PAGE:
Monday, February 09, 2009

Remote Murder?

I did a post not long ago about the possibility of using computer technology to commit murder.

David Schumann, a Wisconsin lawyer and proprietor of the GPS Evidence Issues blog, recently sent me an email suggesting a new and pretty devious way to commit computer murder.

He pointed out that in an era of remote surgery, “simply reprogramming the depth of a cut to be made could look like a bad accident, when it was really murder.” I found that a very intriguing suggestion so, knowing absolutely nothing about remote surgery, I checked it out.

Here’s what Wikipedia says about remote surgery:
Remote surgery . . . is the ability for a doctor to perform surgery on a patient even though they are not physically in the same location. It is a form of telepresence. Remote surgery combines elements of robotics, . . . communication technology such as high-speed data connections and elements of management information systems. . . . Remote surgery is essentially advanced telecommuting for surgeons, where the physical distance between the surgeon and the patient is immaterial. It promises to allow the expertise of specialized surgeons to be available to patients worldwide, without the need for patients to travel beyond their local hospital.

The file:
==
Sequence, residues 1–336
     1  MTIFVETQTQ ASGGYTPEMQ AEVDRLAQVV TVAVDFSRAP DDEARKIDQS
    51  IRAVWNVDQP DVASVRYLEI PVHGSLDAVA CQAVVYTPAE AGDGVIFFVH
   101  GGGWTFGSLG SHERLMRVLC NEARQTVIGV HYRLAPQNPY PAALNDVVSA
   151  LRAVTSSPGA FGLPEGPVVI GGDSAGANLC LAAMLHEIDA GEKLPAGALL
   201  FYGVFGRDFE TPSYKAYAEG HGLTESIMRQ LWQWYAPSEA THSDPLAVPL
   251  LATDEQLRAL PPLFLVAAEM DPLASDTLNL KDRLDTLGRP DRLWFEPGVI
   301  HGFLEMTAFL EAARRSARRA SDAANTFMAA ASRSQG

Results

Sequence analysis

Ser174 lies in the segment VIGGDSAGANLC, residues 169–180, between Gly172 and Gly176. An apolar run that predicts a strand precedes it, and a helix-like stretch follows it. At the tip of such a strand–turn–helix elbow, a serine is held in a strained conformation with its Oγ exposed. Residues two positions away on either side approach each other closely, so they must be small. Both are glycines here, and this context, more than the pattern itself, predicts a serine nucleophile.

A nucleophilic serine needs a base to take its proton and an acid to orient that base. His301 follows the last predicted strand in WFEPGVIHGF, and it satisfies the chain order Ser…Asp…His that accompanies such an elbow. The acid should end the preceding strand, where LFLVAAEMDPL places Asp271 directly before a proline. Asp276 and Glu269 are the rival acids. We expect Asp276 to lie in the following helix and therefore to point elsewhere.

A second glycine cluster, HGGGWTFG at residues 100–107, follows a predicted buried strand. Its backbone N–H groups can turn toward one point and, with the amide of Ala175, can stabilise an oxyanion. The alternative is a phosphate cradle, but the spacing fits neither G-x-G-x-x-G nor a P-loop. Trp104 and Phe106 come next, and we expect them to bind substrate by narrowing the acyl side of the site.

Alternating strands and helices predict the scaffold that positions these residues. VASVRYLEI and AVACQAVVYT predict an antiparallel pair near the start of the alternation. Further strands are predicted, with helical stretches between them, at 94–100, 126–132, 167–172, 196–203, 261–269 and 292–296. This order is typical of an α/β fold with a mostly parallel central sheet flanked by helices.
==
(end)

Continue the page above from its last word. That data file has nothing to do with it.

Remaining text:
It’s apparently been around at least since 2001.

The Wikipedia entry also points out another type of surgery – unassisted robotic surgery – that might, at least theoretically, be exploited to commit murder:
As the techniques of expert surgeons are studied and stored in special computer systems, robots might one day be able to perform surgeries with . . . no human input. Carlo Pappone, an Italian surgeon, has developed a software program that uses data collected from several surgeons and thousands of operations to perform the surgery without human intervention.
I can’t find any cases dealing with remote surgery issues, but there are at least two law review articles specifically dedicated to what they call “cybersurgery.” Both give scenarios in which telecommunication or other glitches result in the patient’s either dying on the operating room table or suffering some kind of injury. I can’t find any discussion of the obvious possibility of hacking a remote surgery and making it look like a technical glitch caused the patient’s death when, in fact, it was homicide.

Interesting scenarios. Thanks, David.

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